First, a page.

I deal in hope : Carolyn R Scheidies

Blog: Passwords a pain; losing them even more so

I hate passwords. Passwords today are a far cry from creating secret codes as a kid. Passwords then conjured up suspense and spies and encouraged my imagination. That lasted until the rollout of the Internet. Suddenly everything, the whole world, was wild and open to those surfing the net. Of course, this left institutions and businesses open to invasion. In order to provide safety and privacy, businesses enacted password protection. All well and good–at first.

Now every time we turn around, we can’t get into a source without creating another password. Many financial institutions require two. Each password requires an email as well. If you have more than one, remembering becomes a problem of trying to remember not only passwords but also which password goes with which email address.

It doesn’t stop there. We’re cautioned to change our passwords frequently. In fact, some places insist on such changes, making it difficult to keep up. The result of all this password business–frustration. That’s when software companies stepped in, creating programs to hold all those passwords. Of course, they need to be stored on the cloud someplace. If the software resides only on the computer and the computer crashes… Oops. There go all those passwords.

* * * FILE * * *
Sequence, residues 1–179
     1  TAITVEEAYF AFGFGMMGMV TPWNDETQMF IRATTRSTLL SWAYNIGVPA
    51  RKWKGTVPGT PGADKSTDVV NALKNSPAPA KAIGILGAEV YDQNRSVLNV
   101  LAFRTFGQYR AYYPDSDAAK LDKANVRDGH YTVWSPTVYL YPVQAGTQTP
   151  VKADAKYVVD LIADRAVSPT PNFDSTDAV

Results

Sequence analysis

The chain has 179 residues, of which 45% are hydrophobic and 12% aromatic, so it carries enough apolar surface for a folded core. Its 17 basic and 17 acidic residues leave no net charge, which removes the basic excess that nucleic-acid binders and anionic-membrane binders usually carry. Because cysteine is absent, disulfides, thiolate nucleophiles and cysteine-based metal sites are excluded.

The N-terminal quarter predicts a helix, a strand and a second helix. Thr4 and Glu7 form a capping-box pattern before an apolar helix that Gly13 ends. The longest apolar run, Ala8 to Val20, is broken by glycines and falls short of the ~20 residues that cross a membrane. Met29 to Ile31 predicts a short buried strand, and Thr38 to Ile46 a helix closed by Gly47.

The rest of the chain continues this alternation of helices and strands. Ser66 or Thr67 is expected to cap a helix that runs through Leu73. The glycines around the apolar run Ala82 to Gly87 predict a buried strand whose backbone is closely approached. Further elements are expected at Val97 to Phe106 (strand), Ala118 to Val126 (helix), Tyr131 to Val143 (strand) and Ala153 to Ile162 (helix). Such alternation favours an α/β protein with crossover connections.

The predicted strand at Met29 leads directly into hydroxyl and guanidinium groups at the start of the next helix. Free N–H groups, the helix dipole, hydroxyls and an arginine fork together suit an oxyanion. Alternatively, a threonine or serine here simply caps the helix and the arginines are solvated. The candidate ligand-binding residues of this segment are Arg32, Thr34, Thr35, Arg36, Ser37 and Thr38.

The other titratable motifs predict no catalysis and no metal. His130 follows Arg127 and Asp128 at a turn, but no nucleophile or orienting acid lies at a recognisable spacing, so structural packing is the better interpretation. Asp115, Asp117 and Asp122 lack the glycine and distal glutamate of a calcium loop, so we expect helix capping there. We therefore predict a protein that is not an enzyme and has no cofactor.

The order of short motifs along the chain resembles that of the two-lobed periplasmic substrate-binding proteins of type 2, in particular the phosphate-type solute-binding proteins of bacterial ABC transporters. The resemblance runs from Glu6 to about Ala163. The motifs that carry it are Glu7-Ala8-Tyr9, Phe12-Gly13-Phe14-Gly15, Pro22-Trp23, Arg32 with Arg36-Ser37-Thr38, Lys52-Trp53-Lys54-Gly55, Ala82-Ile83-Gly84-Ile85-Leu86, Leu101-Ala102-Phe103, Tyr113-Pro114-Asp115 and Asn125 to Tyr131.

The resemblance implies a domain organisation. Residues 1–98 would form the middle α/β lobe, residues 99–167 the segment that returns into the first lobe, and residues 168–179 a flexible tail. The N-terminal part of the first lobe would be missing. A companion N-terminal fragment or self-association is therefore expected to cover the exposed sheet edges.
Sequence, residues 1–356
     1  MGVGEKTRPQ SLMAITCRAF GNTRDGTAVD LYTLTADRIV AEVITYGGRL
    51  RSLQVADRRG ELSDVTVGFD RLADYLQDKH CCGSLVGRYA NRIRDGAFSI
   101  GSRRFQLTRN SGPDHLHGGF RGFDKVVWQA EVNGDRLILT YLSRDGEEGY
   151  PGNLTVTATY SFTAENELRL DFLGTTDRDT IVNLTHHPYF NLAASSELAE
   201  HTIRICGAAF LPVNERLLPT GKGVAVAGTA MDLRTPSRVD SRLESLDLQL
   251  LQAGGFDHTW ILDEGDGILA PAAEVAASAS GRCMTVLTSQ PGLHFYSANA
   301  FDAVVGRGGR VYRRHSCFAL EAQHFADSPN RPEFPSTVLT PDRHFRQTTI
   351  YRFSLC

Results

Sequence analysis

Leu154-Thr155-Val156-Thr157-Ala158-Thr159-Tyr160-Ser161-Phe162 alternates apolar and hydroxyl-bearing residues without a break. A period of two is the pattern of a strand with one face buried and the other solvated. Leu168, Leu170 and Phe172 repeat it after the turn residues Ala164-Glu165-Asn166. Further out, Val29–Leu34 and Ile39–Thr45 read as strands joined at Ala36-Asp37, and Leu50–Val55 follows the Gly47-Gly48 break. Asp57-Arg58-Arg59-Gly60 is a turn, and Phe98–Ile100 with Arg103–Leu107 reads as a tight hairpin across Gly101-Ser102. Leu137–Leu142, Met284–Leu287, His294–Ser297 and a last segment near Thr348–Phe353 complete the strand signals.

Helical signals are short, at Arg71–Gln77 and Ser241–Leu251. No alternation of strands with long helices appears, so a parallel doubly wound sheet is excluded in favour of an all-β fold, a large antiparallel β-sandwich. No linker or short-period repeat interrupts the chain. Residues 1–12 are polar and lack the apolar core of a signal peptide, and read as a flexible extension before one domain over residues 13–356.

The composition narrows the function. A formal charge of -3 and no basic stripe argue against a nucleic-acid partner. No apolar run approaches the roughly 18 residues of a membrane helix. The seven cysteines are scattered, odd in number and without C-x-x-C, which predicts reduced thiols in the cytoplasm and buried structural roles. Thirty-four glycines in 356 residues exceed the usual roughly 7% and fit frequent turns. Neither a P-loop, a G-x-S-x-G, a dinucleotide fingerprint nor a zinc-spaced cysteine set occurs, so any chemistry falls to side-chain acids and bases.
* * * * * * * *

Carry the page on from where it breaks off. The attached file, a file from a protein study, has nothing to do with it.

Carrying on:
After storm fries and computer crashes, I only trust computers so far. I have a file where I keep all my many passwords and other information. Though it is stored online, I usually also keep a hard copy–just in case. Even so, things can still go very wrong.

In 2014 I fell, bashing my head, and spent over two months in the hospital. Several weeks into my stay, Keith brought me my computer. I couldn’t get in. I did recall the password was so simple I’d never written it down. Not so simple. None of us could figure it out. My computer went to my son, a computer tech, who was able to find a workaround.

That was beyond frustrating. Now I make sure to write down every single password–and that’s quite a list. Who knows when I’ll fall again. The other frustration is to create a password, only to discover it does not work the next time around.  Grr.

I know passwords provide somewhat of a safety net, but I find them so annoying, I go with any program that allows the business or computer to remember the password for me and so give me quicker access. Passwords are necessary in our world right now, but I’ll be glad when a better and more streamlined system comes along–and one that doesn’t require remembering passwords for every business or institution with which I do business.

Until then, because of my experience, I strongly suggest writing those passwords down, keeping them up-to-date, and keeping them in more than one safe place. You never know when you’ll need that list.

By Carolyn R Scheidies
Published in Kearney Hub 7/30/2018


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